Stephen Burch's Birding & Dragonfly Website
Scotland: Aberdeenshire and Highland (Aviemore area)
22 May to 25
By Stephen Burch, England
IntroductionThis is a short trip report, covering a few days birding on Speyside and about half a day on the Aberdeenshire coast in May 2019, following a business trip to Aberdeen. My main aim was to try for Osprey photos at the Rothiemurchus Fishery hides that I had heard good reports of in advance of this trip. However while in that area I was also interested in connecting with and photographing where possible some of the special birds in the area.
Prior to my flight back on my last day, I returned to the Aberdeenshire coast north of Aberdeen which is somewhere I've had some nice birding, and a few photos, in the past.
The photographs shown below were taken with my Canon EOS 7D mk II camera and either my 500f4 lens or the 100-400f5.6 lens.
The weather was regrettably quite poor, with rain every day, heavy at times. The leaden skies and almost total lack of sun did nothing for my photographic aspirations. Unfortunately, I haven't had much luck with the weather in my last few visits to this splendid part of the world.
I liked the sound of this place for Osprey diving photos, with its low hides and raised pool, which I thought would give me my preferred low camera angle. There are multiple hides (now 5) arranged with different viewing directions to get the best angles. For the early morning sessions, there is even a "spotter" elsewhere on-site who warns you by radio when an Osprey is around, then overhead and finally about to dive! Also as the pool is quite small, and the hides very near to the edge, the birds are very close. I used a focal length of about 200-250mm to get my photos using my 100-400 f5.6 lens with my x1.6 crop camera. Any more and I wouldn't have stood much chance of getting the birds in the field of view!
May is however the low season for Osprey dives, as in April and May only the males fish, and there aren't that many dives since there are no young to feed. High season, when there are said to be many more dives, is June to mid August, when the eggs have hatched, and both adults are busy satisfying their growing youngsters.
In the event, the weather proved to be quite problematic for my early morning session. I had two possible mornings, and decided at the last minute to delay from the first morning to the second. The forecast for the first morning was pretty accurate - heavy rain for most of the time, so I had no regrets that morning about my decision.
So the next morning, for which the forecast was for dry but overcast conditions, I had set my alarm for the challenging time of 03:30, in order to reach the site in good time for the 04:25 start. There were 2 other photographers for this session and initially it was very dull but dry. With virtually no wind it wasn't easy to predict the arrival direction of any Ospreys and I probably chose the wrong hide. There were then two dives in the first half hour after dawn (which was at about 04:45), but the light level was so low I was forced to use a crazy ISO setting of about 50,000 to get a reasonable shutter speed. Using NeatImage and Photoshop I was able to clean them up to a certain extent, but they do not stand enlargement beyond those shown below!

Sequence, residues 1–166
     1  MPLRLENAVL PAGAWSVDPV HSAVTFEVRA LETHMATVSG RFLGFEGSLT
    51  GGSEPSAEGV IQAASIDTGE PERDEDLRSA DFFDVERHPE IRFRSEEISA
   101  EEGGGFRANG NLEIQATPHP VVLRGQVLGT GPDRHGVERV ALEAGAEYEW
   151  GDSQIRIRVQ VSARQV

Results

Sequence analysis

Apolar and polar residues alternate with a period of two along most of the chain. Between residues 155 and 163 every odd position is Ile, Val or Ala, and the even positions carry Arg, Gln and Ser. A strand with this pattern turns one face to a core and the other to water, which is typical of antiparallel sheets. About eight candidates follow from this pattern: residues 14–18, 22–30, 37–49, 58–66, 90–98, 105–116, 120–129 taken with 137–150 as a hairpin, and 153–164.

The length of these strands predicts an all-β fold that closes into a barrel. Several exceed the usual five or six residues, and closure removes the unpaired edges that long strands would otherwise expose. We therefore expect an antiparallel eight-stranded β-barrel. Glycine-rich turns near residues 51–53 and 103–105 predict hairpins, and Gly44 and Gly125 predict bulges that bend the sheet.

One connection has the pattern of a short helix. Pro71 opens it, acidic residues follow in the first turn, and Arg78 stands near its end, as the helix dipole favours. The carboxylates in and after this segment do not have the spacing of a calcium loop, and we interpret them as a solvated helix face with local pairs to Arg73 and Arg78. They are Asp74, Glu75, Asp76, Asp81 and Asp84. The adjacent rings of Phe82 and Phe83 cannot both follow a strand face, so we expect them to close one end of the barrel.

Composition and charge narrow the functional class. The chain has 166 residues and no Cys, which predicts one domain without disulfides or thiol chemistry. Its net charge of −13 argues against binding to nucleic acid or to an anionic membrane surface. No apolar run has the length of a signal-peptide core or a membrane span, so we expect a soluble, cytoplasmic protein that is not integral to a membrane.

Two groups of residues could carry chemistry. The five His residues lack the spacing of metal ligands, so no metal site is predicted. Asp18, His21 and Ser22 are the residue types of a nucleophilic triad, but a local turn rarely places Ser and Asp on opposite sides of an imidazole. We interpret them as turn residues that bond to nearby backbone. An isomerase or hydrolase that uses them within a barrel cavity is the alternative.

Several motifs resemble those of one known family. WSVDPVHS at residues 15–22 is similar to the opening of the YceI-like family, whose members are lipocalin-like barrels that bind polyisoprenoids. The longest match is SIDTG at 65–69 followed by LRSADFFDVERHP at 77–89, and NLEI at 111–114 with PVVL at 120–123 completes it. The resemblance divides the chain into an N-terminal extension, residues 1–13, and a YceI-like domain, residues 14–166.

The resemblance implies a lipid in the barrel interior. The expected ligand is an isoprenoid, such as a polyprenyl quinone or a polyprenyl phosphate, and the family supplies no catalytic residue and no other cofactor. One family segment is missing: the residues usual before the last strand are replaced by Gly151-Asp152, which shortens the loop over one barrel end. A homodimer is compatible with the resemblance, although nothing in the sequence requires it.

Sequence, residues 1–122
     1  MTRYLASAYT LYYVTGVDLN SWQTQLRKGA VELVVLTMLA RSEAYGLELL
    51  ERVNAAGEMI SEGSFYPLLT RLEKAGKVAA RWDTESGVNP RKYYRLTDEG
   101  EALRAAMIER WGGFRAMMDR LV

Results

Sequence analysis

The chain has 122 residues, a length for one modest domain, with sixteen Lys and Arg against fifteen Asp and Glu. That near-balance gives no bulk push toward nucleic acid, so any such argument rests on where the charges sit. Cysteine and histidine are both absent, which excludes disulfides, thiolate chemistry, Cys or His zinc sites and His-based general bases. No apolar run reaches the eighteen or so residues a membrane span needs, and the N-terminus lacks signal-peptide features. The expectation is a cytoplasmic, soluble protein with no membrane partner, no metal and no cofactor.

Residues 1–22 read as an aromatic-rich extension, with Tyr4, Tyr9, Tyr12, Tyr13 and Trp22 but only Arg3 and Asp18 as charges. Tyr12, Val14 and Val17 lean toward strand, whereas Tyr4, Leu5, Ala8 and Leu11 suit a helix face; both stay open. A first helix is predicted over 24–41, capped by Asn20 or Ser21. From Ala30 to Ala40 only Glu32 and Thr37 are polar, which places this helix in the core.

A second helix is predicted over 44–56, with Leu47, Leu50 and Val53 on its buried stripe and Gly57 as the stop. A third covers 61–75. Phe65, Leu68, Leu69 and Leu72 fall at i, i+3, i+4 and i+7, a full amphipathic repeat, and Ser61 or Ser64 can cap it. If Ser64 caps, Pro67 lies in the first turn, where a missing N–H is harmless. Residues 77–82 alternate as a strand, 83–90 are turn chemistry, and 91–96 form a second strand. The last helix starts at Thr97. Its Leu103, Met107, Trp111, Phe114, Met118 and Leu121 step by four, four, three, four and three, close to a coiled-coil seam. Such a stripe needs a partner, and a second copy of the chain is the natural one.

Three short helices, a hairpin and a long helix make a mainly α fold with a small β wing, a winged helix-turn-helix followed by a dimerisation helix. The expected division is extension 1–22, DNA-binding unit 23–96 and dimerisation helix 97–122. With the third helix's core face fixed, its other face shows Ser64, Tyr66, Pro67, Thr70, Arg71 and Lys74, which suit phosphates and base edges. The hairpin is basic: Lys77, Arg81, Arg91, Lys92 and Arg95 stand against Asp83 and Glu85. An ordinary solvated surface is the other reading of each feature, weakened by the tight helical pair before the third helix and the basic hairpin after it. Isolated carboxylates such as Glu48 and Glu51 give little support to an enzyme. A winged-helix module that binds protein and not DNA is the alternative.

Unfortunately, and despite the forecast the previous evening for dry conditions, it then started raining and continued that way, being heavy at times, until the session end time of 09:00. From about 05:25 onwards, there were no further photographable Osprey dives. So a disappointing session.
Following this disappointing early morning, I resolved to try again with a lower cost, unguided afternoon session the following day if the weather turned out to be better. I was aware that the prospect was for a very limited number of dives (typically 2 at best as far as I could tell at this time of year), but that would double my total so far and the light should be much better!
As it turned out, the weather that day was better, with even the odd hint of sun. So I phoned around midday to confirm that I would arrive shortly after 15:00. For this second session, I was the only photographer and without a spotter it was necessary to keep alert the whole time. This was pretty nerve-wracking as there was generally no warning of a dive, which was very fast - all over in only a few seconds. They made the White-tailed Eagles off Mull seem almost snail-like in comparison!
This afternoon, there was an appreciable breeze from the NW, and the new hide was recommended, so that is where I went. After about 2 and a half hours there had been no action and my attention began to wander. Then completely out of the blue a bird hit the water right in front of me, with an almighty splash, and then proceeded to fly towards me! It was gone within a second or two, but I just managed to get onto it in time to fire off a few frames. Surprisingly, this bird turned out to be unringed, but unfortunately it missed its fish. However I was satisfied by the sharpness of most of the images I got in the fraction of second the bird was in frame.
Thereafter I was more alert, and a mere 45mins later, at about 18:30, I had my second and last dive. This time it was a different, ringed bird, that caught a fish. Only a couple of frames of the few I managed to get for this dive were adequately sharp, but it was still a memorable encounter!
At around 19:45, with the light beginning fade, I decided to call it a day and let myself out of a deserted fishery. Overall, I had spent around 9hrs in the hides, over two days, but I felt I had been rewarded to some reasonable photos considering this was my first attempt at Osprey dive photography. Perhaps a session in high season would see more action, but they are substantially more expensive!
The setup here seems very good with the multiple, low level hides combined with the spotter for the early morning sessions. The only reservation I had was with the background from the new hide which can, depending on the bird's flight path, contain wires, telegraph poles and other un-natural objects. A fair amount of Photoshopping was needed to suppress these features in some of the above images...
Lochindorb, to the north of the area around Aviemore. is somewhere I've visited with some success before for both birding and photography. I visited this site twice during this trip, and, as previously, found a few waders close to the road along the shore of the loch - Common Sandpiper, Redshank (very wary as ever) and Oystercatcher. Further out, on the first visit, there was a nice but distant pair of Black-throated Divers near to the island [there are signs about these birds all along the shore, so I can't believe there is a problem mentioning there presence here]. No sign of these on my second visit though. Also at the western end of the loch, where the road crosses the outflow stream, I encountered two Cuckoos on the open moorland, but they weren't confiding, unlike another Cuckoo I know!
I managed to get photos of some rather more obliging Red Grouse close to the road towards the SW end of the loch (this species is pretty reliable around the western end of this loch). Also, on the minor road to the NE of the loch, I was surprised to come across a substantial breeding colony of Common Gulls.